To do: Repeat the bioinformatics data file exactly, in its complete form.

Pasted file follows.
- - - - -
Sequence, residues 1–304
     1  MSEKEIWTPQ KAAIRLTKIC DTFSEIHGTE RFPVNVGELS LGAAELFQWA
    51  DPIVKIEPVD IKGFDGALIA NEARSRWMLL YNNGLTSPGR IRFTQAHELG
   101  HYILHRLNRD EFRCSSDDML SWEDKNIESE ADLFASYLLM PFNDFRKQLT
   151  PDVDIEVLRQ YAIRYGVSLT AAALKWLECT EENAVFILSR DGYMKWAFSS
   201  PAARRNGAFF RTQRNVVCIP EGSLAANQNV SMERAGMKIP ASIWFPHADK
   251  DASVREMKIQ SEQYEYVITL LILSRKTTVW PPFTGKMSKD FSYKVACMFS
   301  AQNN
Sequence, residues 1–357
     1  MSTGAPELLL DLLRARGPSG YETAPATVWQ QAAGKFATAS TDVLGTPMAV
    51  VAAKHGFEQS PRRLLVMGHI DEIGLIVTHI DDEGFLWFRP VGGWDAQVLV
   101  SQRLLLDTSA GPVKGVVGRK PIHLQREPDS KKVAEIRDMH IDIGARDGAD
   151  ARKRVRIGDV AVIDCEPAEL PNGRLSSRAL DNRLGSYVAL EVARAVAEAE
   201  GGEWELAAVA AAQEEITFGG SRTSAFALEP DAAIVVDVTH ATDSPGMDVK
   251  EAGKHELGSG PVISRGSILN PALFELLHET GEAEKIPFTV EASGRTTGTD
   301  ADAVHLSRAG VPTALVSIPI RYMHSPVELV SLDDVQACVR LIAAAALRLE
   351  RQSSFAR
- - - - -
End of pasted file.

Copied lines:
Sequence, residues 1–304
     1  MSEKEIWTPQ KAAIRLTKIC DTFSEIHGTE RFPVNVGELS LGAAELFQWA
    51  DPIVKIEPVD IKGFDGALIA NEARSRWMLL YNNGLTSPGR IRFTQAHELG
   101  HYILHRLNRD EFRCSSDDML SWEDKNIESE ADLFASYLLM PFNDFRKQLT
   151  PDVDIEVLRQ YAIRYGVSLT AAALKWLECT EENAVFILSR DGYMKWAFSS
   201  PAARRNGAFF RTQRNVVCIP EGSLAANQNV SMERAGMKIP ASIWFPHADK
   251  DASVREMKIQ SEQYEYVITL LILSRKTTVW PPFTGKMSKD FSYKVACMFS
   301  AQNN
Sequence, residues 1–357
     1  MSTGAPELLL DLLRARGPSG YETAPATVWQ QAAGKFATAS TDVLGTPMAV
    51  VAAKHGFEQS PRRLLVMGHI DEIGLIVTHI DDEGFLWFRP VGGWDAQVLV
   101  SQRLLLDTSA GPVKGVVGRK PIHLQREPDS KKVAEIRDMH IDIGARDGAD
   151  ARKRVRIGDV AVIDCEPAEL PNGRLSSRAL DNRLGSYVAL EVARAVAEAE
   201  GGEWELAAVA AAQEEITFGG SRTSAFALEP DAAIVVDVTH ATDSPGMDVK
   251  EAGKHELGSG PVISRGSILN PALFELLHET GEAEKIPFTV EASGRTTGTD
   301  ADAVHLSRAG VPTALVSIPI RYMHSPVELV SLDDVQACVR LIAAAALRLE
   351  RQSSFAR